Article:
The Spanish government has announced proposed tax reforms aimed at boosting economic growth by reducing taxes. Following a period of public consultation these
proposals come before the Spanish parliament this month (October 2014), with the final agreed measures entering into force on 1 January 2015.
The government’s proposals would see income tax rates reduced with a 45% top rate. However, the income threshold to reach the new marginal maximum would be reduced significantly from €175,000 to €60,000.
The savings income tax rate would be reduced from 27% to 24% in 2015 and then to 23% in 2016. The savings income threshold would be increased from €24,000 to €60,000.
Wealth tax and inheritance tax are not included in the proposed reforms.
A new exit tax is also proposed which, if approved, would mean that from 1 January 2015 Spanish residents moving their tax residence outside the EU or EEA would be subject to a capital gains tax on any unrealised gains in their investment holdings.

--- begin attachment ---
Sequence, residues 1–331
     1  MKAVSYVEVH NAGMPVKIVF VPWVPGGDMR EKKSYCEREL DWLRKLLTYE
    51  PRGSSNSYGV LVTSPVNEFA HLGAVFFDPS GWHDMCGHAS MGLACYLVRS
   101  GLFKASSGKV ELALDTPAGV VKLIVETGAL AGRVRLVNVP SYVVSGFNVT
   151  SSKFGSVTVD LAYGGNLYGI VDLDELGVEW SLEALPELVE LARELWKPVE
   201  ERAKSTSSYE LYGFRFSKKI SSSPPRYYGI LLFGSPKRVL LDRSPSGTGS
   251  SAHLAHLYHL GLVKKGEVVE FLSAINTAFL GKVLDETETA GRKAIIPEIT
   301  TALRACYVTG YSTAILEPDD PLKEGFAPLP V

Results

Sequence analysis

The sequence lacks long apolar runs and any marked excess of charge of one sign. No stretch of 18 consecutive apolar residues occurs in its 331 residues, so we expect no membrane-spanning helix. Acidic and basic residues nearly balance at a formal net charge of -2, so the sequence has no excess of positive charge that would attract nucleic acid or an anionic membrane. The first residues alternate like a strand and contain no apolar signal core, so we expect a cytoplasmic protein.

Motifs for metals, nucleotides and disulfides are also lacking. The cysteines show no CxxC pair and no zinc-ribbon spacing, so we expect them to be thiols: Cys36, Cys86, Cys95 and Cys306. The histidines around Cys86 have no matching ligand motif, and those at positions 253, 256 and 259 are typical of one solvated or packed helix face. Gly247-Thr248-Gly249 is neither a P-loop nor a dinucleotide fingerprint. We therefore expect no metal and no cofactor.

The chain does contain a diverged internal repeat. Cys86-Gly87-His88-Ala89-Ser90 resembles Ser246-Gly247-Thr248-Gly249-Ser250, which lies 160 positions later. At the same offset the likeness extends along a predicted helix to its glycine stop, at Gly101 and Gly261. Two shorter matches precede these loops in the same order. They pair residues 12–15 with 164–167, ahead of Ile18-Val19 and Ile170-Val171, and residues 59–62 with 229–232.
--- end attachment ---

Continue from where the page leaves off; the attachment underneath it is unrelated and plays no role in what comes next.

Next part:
This new exit tax would apply to individuals who have been tax resident in Spain for at least five of the last ten years and who own more than €4m in ‘relevant assets’ or who own more than 25% of a company worth over €1m. ‘Relevant assets’ would comprise investment funds and listed or unlisted shares, but not other assets such as bonds, real estate or life insurance.
These measures increase the attractiveness and tax-efficiency of wrapping investment funds within an EU cross-border life insurance policy while resident in Spain.